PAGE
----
Turning the dream into reality: Crossing Padma by high-speed train

The last span of Padma bridge is installed on 12 and 13 pillars around 11:00am on 10 DecemberProthom Alo

When I was young, like other kids, it was so much fun flying a kite from the rooftop. No one knew how I wished to take to the sky. Should it be so, I could fly over the Padma river to visit my friends living in Bhanga, without being packed like sardines in a bus or a ferry boat that would make me dizzy and drive me crazy.

At the age of 21, luckily enough, I received the offer from Nanjing University of Posts and Telecommunications in China, where I could study as an exchange student for two years. The grand Nanjing Yangtze river bridge, newly-built high rises, broad streets, lively night fairs and the hospitable people impressed me a lot. For the first time in my life away from my motherland, I knew such a world could exist. In recent years, I traveled to China several times. I marveled at the advanced transportation and logistics systems, while what mesmerized me the most was its high-speed train. Comfortably in my seat, I saw the scenery flashing past the train windows, which reminded me of that dreaming-to-fly childhood and made me feel that my dream seemed to come true. It would be great if there was a high-speed train running across Bangladesh--a thought flitted through my mind.

Chinese engineers instructing in the design details

A year elapsed in China. I heard from my family that the Bangladesh government resumed the initiative for the Padma Bridge Project and meanwhile had prepared the construction of Bhanga-Jessore railway. I was thrilled. In retrospect, every time I visited my friends in Bhanga, the trip made me suffer. A trip as short as 80 km, took me nearly a whole day. In case of a violent storm during the summer, crossing the Padma could be a perilous.

Then I returned to Bangladesh and when crossing the Padma, I saw the Chinese builders and the piers erected amid the Padma river. The long expected “bridge of dreams” was not a fantasy any more

Then I returned to Bangladesh and when crossing the Padma, I saw the Chinese builders and the piers erected amid the Padma river. The long expected “bridge of dreams” was not a fantasy any more.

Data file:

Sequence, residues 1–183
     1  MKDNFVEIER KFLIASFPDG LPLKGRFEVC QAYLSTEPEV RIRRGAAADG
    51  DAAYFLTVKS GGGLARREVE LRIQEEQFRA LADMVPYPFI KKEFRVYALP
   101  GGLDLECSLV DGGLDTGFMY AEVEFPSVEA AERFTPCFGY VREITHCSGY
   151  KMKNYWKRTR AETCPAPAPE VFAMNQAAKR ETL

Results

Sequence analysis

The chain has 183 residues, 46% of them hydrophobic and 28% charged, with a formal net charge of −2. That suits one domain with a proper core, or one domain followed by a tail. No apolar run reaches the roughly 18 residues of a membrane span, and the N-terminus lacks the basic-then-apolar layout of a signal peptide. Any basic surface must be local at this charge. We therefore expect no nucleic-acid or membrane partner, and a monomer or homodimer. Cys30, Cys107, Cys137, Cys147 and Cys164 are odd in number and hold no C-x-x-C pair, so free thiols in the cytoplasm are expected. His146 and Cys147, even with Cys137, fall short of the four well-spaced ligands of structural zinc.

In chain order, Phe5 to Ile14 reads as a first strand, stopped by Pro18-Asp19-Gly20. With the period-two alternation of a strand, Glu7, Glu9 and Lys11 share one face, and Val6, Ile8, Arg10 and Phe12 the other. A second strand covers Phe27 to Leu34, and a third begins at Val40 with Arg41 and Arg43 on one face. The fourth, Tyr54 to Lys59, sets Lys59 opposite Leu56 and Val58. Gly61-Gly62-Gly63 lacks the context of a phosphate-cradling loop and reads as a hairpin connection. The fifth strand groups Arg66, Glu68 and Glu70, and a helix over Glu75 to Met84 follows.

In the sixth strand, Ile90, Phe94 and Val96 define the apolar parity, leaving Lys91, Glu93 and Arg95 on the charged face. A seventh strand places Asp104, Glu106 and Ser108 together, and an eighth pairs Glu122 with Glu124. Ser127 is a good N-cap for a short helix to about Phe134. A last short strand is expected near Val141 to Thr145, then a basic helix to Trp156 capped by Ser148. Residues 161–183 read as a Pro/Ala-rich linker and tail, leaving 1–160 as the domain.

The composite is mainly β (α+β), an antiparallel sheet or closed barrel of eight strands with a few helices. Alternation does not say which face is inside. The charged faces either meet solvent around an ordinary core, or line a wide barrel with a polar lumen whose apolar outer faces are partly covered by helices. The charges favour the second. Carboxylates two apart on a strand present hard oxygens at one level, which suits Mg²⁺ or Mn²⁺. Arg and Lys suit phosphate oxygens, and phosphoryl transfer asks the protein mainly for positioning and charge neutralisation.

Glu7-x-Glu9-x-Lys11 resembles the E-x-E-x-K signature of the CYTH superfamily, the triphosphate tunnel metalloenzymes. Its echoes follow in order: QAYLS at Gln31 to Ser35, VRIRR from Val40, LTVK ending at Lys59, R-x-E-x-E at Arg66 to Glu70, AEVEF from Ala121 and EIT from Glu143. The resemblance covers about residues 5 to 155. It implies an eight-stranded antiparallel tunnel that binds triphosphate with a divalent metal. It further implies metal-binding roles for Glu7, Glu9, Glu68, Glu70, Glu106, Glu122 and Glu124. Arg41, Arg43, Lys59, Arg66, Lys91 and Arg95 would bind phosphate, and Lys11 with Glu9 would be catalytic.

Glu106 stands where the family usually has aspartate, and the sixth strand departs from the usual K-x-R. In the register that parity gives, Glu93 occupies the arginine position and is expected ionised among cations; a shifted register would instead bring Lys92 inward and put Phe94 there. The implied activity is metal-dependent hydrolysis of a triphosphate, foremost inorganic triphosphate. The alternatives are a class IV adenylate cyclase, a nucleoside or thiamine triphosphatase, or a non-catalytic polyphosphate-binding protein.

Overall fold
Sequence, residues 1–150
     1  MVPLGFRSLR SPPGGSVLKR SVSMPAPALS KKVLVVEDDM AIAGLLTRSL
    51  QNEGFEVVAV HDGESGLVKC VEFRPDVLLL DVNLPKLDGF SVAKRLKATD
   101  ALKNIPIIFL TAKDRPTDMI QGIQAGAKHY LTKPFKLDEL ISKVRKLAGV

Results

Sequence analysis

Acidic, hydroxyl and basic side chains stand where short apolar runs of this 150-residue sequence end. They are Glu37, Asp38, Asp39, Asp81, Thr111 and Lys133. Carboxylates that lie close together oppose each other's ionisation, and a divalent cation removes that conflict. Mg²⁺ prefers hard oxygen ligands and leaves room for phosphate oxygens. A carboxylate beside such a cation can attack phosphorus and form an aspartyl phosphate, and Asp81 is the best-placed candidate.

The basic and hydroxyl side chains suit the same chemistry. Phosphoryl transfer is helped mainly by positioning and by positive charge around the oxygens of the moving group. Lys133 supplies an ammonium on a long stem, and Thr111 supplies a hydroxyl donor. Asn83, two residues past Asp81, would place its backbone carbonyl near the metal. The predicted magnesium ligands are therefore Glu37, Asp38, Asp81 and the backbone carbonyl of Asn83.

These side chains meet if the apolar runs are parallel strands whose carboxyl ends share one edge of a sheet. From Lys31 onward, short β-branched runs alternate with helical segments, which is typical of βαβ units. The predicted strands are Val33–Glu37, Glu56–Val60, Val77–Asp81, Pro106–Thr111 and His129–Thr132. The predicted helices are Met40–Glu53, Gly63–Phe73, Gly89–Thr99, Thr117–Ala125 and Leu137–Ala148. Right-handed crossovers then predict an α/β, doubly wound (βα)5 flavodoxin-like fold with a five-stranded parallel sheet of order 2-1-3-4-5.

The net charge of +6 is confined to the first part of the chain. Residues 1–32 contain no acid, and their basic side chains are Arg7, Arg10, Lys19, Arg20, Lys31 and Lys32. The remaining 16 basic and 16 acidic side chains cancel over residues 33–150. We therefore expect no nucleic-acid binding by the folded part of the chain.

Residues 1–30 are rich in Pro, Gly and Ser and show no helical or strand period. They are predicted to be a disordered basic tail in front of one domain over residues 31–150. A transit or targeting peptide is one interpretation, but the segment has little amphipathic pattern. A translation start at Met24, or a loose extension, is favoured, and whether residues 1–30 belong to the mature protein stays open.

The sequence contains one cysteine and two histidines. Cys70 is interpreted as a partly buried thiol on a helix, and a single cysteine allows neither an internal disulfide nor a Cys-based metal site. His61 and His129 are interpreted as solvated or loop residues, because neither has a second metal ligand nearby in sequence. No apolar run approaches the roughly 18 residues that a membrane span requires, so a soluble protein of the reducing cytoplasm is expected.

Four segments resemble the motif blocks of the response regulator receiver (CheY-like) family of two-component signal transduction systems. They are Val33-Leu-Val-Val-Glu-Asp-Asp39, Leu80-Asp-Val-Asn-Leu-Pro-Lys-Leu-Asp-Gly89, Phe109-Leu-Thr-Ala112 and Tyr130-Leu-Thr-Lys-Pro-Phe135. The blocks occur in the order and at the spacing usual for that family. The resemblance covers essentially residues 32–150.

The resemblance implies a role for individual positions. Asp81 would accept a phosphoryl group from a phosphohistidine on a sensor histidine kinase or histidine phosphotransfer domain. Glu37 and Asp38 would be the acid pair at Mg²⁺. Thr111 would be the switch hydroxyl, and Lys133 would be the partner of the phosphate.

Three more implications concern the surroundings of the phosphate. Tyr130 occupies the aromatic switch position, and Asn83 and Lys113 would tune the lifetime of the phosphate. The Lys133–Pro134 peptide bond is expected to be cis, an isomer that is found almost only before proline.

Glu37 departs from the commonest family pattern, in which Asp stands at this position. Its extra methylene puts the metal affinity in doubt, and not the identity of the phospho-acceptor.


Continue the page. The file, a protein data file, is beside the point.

Job application

To my great delight, the second year since I came back home, I landed a job in a railway design company stationed in Dhaka. On hearing this good news, my relatives and friends couldn’t even believe it and my mom unrestrainedly burst into tears. The company I’m working for is China Railway Eryuan Engineering Group Co. Ltd (CREEC), affiliated with China Railway Group Limited (CREC), which is one of the biggest and most prestigious railway designing companies in China. As early as in 2011, this company has successfully completed the Construction of the double line track from Tongi to Bhairab. Currently it is taking on the construction of new Dual Gauge Single Railway Line from Dohazari to Cox's Bazar via Ramu Lot 1.

CREEC prioritises credibility and design quality. To complete PBRLP highly efficiently with high quality and to a high standard, CREEC organised a design team composed of a group of outstanding engineers and professionals. Partnership with Bangladesh University of Engineering and Technology (BUET), and consultative company BETS was established for the sake of localization in design.

Md Rahman Zihad, one of my colleagues, said: “I am a lucky guy to engage in such a project in such a company. This team not only got me a job, but also made my dream come true.”

Team work

At the beginning in this team with so many Chinese engineers, I was filled with a mixture of excitement, enjoyment, tenseness and worry. My colleague, Fazle Rabbi Rahik and I were appointed to the bridge and culvert design group under the guidance of engineer Xie Chenqi, who is rather experienced at bridge designing, accessible though pretty serious and meticulous at work.